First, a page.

I was once taught in a philosophy class that the difference between physical laws and moral laws was the merely the difference between the word “is” and “ought.” Physical laws, such as the conservation laws, gravity, thermodynamics, electromagnetism, etc., state the way things are and what is going to happen given a particular set of circumstances: such laws are unbreakable. For example, the law of gravity says that unless another physical law is at work I can’t change the fact that when I step out of a window on the tenth story of a building I will fall to the ground below.
Moral laws, on the other hand, such as those found in the Ten Commandments describe the way things ought to be, but unlike physical laws, moral laws are breakable. For example, Scripture says we ought to obey every authority placed over us (I Peter 2:13-17; Romans 13:1-7), but when encountering a sign on the side of the road reading “Speed Limit 45” we know we can make a choice. When we choose to exceed 45 M.P.H. we are disobeying the local authorities as well as breaking a moral law of scripture. Thus moral laws, unlike physical laws, can be broken.
What I found interesting when learning about these laws was that when physical laws were discussed, the consequences of trying to break them was also a topic of conversation, but when moral laws were the topic, only human freedom was discussed. This never set well with me, but I didn’t know why until one day when I was watching an episode of Sport Science titled Human Flight.
In this episode, basketball players were analyzed to determine if they actually defied gravity when jumping to dunk a basketball. After many minutes of flashing lights, overly dramatic narration, and stylized video we were told the obvious answer that they do not defy gravity. This much was obvious and unremarkable, but it was their explanation that piqued my interest. They said the reason they appeared they defy gravity was because their bodies stretched keeping their head moving along a horizontal line for a split second longer than the rest of their body, making it appear they have broken a physical law. But the pull of gravity is insurmountable and no human can jump, land on their feet, and stay in the air more than 1 second: gravity has no exceptions and always wins.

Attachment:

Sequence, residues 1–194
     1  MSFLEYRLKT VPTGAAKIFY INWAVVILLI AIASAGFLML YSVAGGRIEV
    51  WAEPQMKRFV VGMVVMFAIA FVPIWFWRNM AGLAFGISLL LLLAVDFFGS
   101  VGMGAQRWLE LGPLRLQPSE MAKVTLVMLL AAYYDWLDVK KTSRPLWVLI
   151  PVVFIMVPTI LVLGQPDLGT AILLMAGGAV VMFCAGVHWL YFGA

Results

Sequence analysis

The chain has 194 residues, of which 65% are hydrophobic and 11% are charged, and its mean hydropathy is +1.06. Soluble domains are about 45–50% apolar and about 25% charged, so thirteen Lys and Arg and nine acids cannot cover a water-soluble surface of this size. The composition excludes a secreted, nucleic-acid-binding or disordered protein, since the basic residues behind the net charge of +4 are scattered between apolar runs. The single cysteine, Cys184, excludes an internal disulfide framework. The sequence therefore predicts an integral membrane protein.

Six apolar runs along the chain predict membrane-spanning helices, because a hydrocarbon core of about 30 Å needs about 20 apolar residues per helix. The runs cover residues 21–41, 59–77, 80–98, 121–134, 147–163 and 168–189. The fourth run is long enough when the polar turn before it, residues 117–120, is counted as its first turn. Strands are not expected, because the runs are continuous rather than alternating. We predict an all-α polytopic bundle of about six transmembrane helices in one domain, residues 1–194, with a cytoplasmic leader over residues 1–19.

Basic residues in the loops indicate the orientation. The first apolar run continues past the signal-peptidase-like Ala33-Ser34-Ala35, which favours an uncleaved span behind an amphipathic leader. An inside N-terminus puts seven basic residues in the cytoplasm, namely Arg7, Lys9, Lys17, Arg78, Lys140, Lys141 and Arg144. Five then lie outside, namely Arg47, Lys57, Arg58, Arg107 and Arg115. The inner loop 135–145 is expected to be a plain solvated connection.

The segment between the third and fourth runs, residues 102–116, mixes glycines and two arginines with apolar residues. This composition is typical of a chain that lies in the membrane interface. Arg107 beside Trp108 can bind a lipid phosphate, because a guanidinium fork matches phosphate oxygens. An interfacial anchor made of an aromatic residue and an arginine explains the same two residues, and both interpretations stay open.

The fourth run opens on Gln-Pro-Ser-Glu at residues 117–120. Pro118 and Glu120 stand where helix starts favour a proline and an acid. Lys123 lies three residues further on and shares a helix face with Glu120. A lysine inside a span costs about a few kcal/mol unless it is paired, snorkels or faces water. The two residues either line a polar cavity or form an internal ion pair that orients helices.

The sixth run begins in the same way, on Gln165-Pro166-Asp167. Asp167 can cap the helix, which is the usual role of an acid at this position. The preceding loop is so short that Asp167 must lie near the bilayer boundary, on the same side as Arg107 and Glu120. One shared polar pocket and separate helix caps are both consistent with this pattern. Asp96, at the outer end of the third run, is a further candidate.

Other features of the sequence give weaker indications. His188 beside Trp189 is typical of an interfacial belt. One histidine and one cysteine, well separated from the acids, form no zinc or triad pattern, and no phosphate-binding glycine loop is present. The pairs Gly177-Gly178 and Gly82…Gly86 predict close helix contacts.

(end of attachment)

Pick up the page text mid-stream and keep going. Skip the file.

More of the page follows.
This caused me to wonder if moral laws were actually more like physical laws than I was originally told. Since the basketball players appearance of defying gravity was only an illusion, I wondered if the appearance of breaking the moral law might only be a temporary illusion as well. Maybe, unlike the dunk, we are unable to see the full span of time between the wicked man’s leap against the moral law and their inevitable fall. Maybe all we see is the illusion of freedom and defiance.
This is, I think, the very issue about which Asaph writes in Psalm 73. He sees the wickedness of men on the face of the earth and how they seem to get away with everything, gloating along the way and trampling the righteous (73:2-12). But when he enters to courts of God he realizes he had only seen the portion of their story filled with pride, violence, and malice but he didn’t see their final destiny wherein they are destroyed, swept away, and forgotten like a dream in the morning (73:18-20). Even though they appear to have broken free from God’s moral law, they are inevitably drawn back to the ground of God’s holiness and justice. Thus, there is little difference between them and the basketball player who seems to defy gravity. The wicked man only appears to evade judgment for a moment. Even the most wicked person is only able to stay suspended above the ground of holiness for 1 lifetime, and very often, much less.
I suppose the is-ought dividing line between physical and moral laws is necessary for the purposes of a philosophy class, but such a distinction provides a false sense of freedom in real life. These short lives of ours take place in a world governed by God’s moral laws, and for all of our stretching and reaching, we cannot escape them. Although we can surely sin boldly for a while, we will inevitably fall from wicked personal glory into the hands of a just God. But this does not doom us all. Just as there are many physical laws superseding one another, there is another moral law at work keeping us from God’s hand of justice, and that is the law of God’s loving mercy. It is that which Asaph leans on when he concludes Psalm 73 with the words,
But as for me, it is good to be near God.
I have made the Sovereign Lord my refuge;
I will tell of all your deeds.
The inevitable moral law of sin leading to death is superseded only by finding refuge in God, and that is something we ought to do for without it judgment is our end.